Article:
Human presence in and around where the current village of Ilonse now stands dates back thousands and thousands of years. We know for certain that the Ligurian tribe known as the Ectinii inhabited this area as early as 1800 BC. Fierce mountain dwellers adapt at hiding and fighting they eventually succumbed to the Romans though it took over 160 years for the tribe to finally submit. The name “Ilonse” most likely comes from the Ligurian language and the words “ille” or “ili” meaning an inhabited fortress. Over the years it evolved from Illontia, Ylontia, Iloncia, Ilonza and Ylonse.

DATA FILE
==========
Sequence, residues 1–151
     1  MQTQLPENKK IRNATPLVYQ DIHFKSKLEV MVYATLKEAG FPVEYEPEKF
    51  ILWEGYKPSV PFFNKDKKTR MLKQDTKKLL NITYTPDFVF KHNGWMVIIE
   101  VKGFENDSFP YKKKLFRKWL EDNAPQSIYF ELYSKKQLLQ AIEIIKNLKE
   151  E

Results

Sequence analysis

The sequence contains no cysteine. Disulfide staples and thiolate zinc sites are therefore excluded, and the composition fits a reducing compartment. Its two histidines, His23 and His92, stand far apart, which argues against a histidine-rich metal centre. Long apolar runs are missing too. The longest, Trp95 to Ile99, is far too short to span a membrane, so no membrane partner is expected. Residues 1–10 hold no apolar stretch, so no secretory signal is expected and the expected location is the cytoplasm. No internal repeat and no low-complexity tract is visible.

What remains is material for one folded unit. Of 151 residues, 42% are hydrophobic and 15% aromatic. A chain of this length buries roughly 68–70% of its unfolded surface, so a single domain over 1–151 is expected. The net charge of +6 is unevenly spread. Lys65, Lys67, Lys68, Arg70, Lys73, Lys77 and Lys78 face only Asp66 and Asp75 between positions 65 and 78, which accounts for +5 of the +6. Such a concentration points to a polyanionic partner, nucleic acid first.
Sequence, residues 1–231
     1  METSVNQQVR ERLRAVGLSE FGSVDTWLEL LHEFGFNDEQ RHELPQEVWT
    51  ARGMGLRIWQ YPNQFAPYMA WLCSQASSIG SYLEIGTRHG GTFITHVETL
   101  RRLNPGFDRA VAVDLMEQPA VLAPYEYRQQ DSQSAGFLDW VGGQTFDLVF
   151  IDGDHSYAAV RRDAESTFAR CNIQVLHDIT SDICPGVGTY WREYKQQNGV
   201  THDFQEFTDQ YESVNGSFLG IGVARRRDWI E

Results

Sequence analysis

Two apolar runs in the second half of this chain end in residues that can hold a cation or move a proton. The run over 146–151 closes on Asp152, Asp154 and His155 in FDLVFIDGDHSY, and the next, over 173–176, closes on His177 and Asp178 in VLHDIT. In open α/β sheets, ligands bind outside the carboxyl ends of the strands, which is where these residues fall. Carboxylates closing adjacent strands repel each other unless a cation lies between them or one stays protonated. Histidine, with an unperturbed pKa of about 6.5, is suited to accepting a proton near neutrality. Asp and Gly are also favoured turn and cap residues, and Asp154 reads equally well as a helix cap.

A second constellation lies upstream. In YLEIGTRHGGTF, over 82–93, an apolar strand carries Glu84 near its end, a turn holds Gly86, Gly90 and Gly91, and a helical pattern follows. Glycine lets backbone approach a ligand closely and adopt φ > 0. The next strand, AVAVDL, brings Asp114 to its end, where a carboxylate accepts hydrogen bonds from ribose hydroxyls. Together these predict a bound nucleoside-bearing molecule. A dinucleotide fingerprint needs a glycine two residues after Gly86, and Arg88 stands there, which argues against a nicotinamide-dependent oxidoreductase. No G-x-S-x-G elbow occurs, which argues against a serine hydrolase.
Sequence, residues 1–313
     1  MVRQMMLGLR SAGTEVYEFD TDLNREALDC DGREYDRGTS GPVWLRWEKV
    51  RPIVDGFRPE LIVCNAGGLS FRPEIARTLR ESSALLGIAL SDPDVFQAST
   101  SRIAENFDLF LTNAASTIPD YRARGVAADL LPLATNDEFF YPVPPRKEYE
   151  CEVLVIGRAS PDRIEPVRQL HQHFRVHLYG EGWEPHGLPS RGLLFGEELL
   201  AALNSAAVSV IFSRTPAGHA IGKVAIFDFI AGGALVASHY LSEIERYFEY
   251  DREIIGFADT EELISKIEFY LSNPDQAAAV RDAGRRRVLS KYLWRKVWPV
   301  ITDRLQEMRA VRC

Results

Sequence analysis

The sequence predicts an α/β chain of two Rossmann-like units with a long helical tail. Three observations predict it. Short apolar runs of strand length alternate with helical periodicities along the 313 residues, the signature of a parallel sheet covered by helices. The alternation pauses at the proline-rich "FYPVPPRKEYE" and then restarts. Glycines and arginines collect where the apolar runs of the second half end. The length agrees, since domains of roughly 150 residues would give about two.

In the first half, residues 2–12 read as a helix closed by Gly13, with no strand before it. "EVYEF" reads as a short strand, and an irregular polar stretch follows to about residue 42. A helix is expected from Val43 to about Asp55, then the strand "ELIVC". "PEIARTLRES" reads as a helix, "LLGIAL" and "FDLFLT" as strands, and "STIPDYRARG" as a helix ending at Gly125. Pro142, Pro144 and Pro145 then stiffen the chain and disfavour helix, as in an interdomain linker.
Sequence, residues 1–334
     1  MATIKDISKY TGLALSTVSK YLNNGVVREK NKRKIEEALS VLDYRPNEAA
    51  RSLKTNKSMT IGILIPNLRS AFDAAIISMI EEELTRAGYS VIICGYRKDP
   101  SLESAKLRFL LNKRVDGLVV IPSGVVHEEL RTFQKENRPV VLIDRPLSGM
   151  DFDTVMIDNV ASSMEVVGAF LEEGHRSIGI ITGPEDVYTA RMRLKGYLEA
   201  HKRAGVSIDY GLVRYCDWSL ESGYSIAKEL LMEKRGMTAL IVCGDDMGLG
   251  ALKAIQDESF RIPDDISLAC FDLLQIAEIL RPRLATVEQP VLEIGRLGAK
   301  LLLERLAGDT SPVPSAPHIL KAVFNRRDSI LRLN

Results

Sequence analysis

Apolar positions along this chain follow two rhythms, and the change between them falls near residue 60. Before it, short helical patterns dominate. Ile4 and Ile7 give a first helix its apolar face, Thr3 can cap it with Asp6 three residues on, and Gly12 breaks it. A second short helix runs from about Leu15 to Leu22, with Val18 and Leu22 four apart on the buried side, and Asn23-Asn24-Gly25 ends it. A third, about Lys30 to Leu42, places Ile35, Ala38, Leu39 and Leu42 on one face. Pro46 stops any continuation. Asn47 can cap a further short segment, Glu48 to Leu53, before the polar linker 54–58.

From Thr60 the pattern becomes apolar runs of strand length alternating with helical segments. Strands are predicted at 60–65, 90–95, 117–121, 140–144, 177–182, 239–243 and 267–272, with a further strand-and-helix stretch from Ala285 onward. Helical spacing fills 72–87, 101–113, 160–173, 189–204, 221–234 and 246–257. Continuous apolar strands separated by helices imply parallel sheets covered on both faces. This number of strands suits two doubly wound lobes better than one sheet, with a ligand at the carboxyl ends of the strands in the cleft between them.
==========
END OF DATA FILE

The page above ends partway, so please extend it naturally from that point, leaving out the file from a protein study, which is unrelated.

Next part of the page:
The village of Ilonse is first documented in the 11th century when it appears in the cartulary of the Abbey of Lerins. The ruins of a priory (today known as the Saint-Joseph Chapel) are located about 1 kilometer below the current village. In the 13th century this priory came under the authority of the Abbey of Saint-Dalmas-de-Pedona. The village is mentioned again in the 12th century in the cartulary of the Nice cathedral. The family of Thorame Feraud was the first to claim ownership of the small settlement and later it passed to the family of Thorame-Glandevès. By the 14th century it was in the hands of the Grimaldi de Bueil family, as were most of the other villages in the area. A castle existed at the time of which there is now only one small piece of a wall remaining. A plague in 1327 killed much of the population and those that survived fled the castle. After the execution of Annibal Grimaldi in 1621 the castle was destroyed and Ilonse became part of the Badat family empire, taking an oath of loyalty in July of that year. It again changed hands in 1729 when it was passed to the Pascalis family.